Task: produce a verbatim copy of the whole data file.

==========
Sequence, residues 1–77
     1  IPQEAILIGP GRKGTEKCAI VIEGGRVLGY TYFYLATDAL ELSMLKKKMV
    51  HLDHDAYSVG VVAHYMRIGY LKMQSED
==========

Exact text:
Sequence, residues 1–77
     1  IPQEAILIGP GRKGTEKCAI VIEGGRVLGY TYFYLATDAL ELSMLKKKMV
    51  HLDHDAYSVG VVAHYMRIGY LKMQSED